There are several “series” of fyDai, each with a different maturity date. Yield plans to launch with a small number of series to give users options when deciding how long to borrow or lend their Dai while preserving liquidity in a few concentrated maturities.
The system is tightly integrated with — and complementary to — Maker. Maker users will be able to “migrate” their Dai vaults into fyDai vaults, locking in a fixed interest rate for a period and converting back to a Maker vault after maturity.
You can use fyDai to borrow Dai at a fixed rate against ETH:
Here’s an example of using the fyDai protocol to borrow Dai. You deposit 0.5 ETH of collateral (worth $200) in a vault. This allows you to borrow up to 132 fyDai (since fyDai uses the same collateralization ratio for ETH as Maker, which is currently 150%). You decide on Sept. 31, 2020 to take out 100 fyDai-DEC20 (yDai expiring on December 31, 2020), and your debt records the debt, leaving it collateralized at 200%. You receive the 100 fyDai, which you can then sell for Dai, receiving 98.8 Dai. Since you have borrowed 98.8 Dai and owe 100 Dai in three months, you have effectively borrowed Dai at 5% APR.
After maturity is reached on Dec. 31st, 2020, you may return and pay the 100 Dai debt. If you fail to repay after maturity, your vault will be charged the Maker stability fee until the debt is repaid, or your account is liquidated.
You can repay fyDai debt early to withdraw your collateral. Because fyDai is traded freely, changes in interest rates may affect the amount of Dai you need to spend when repaying early.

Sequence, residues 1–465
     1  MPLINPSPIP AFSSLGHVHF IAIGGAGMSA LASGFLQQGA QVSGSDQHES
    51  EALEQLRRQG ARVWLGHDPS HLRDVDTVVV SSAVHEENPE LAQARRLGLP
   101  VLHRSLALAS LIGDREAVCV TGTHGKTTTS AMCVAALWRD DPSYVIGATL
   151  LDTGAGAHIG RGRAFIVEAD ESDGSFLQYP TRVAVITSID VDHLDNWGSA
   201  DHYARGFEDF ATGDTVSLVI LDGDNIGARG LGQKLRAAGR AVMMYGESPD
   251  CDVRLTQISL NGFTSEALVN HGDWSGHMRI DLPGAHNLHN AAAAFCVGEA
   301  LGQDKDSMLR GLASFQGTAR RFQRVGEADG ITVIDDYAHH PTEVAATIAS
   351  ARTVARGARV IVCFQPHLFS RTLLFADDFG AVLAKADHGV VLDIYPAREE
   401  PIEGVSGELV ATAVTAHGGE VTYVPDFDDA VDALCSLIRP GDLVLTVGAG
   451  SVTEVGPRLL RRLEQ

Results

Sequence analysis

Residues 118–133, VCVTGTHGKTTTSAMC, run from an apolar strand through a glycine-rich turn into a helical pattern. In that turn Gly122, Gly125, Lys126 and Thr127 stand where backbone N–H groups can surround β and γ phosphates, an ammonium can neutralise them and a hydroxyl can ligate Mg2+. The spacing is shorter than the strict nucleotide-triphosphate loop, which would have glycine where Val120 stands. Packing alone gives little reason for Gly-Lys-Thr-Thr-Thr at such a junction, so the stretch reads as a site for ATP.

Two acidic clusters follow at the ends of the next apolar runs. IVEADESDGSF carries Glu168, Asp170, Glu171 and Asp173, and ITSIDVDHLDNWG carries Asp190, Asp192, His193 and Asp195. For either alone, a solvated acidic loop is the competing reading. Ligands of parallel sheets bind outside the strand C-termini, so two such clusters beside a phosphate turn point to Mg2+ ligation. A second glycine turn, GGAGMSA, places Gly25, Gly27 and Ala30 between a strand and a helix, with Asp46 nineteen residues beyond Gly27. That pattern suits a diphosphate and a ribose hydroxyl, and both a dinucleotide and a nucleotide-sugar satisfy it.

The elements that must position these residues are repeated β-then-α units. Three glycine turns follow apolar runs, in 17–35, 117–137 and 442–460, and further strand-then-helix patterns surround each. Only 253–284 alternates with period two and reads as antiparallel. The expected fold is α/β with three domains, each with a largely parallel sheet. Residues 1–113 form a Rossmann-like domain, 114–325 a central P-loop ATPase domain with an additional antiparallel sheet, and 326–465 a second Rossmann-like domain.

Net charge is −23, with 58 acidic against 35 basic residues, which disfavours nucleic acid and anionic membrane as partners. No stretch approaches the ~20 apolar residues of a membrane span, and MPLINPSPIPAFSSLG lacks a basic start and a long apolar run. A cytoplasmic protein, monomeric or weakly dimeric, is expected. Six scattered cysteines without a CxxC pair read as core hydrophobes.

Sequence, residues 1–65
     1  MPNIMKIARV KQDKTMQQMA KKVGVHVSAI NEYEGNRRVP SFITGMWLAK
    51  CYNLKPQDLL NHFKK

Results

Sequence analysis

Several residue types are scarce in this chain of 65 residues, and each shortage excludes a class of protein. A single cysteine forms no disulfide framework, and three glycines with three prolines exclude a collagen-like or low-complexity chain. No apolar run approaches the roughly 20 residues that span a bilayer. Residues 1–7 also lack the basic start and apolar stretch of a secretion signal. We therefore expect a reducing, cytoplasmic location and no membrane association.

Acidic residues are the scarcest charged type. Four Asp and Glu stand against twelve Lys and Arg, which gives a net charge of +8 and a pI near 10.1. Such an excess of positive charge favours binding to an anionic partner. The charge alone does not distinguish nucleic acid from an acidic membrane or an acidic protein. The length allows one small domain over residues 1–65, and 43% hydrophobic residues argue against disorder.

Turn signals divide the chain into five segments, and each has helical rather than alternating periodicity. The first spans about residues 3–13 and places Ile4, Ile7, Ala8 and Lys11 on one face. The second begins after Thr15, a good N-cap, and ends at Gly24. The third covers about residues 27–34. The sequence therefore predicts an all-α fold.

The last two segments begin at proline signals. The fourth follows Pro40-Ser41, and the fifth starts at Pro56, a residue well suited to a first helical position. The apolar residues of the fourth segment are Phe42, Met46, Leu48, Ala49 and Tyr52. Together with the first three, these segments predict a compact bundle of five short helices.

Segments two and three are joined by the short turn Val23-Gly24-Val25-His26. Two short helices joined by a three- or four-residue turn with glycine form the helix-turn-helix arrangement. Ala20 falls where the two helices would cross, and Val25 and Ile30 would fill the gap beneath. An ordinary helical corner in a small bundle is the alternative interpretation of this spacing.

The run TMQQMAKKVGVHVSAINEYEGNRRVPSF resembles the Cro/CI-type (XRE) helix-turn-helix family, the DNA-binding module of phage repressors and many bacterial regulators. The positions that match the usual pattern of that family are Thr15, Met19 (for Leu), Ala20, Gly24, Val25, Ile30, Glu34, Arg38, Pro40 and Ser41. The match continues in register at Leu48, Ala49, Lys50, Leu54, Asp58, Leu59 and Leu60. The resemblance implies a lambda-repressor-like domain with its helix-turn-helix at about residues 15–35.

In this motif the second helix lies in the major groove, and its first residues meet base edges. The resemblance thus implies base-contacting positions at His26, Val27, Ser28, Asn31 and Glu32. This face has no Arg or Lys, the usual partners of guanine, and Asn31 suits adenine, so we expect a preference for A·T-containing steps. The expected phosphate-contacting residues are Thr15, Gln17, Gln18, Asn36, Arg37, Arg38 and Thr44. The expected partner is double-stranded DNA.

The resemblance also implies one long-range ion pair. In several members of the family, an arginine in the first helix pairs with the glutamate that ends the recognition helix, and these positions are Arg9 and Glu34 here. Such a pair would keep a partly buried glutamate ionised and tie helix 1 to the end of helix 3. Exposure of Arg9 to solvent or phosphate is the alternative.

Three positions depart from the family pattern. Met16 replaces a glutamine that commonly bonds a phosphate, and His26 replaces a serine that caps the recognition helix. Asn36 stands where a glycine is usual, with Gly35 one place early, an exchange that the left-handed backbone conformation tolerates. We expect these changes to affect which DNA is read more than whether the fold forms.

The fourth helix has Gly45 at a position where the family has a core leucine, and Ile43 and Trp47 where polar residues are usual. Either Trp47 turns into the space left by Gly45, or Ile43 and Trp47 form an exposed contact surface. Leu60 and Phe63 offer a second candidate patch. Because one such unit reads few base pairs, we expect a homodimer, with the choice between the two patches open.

Buying fyDai is akin to lending Dai at a fixed rate. Typically, you can buy 1 fyDai for less than 1 Dai. The discount you receive from the face value of the fyDai locks in a fixed return that can be calculated based on the time to maturity. For example, if you buy 100 fyDAI-DEC-20 for 98.8 Dai on September 31, 2020, you will earn an implied rate of interest of 5% APR.
You can redeem fyDai for Dai after expiration, as described in the next section.
You can exit your position early by selling your fyDai for Dai. Because fyDai is traded freely, changes in interest rates may affect the amount of Dai you receive when redeeming early.
Repayment and redemption
When a particular fyDai series matures, it begins to act like Dai. If you own fyDai after maturity, you will start to earn the Dai Savings Rate on your fyDai, until you decide to redeem it for Dai. If you have borrowed fyDai, you will start to owe the Maker stability fee on your debt, until you repay it using fyDai or Dai. This feature permits users to hold open their position after maturity while incurring as little inconvenience as possible compared to having a position with Maker.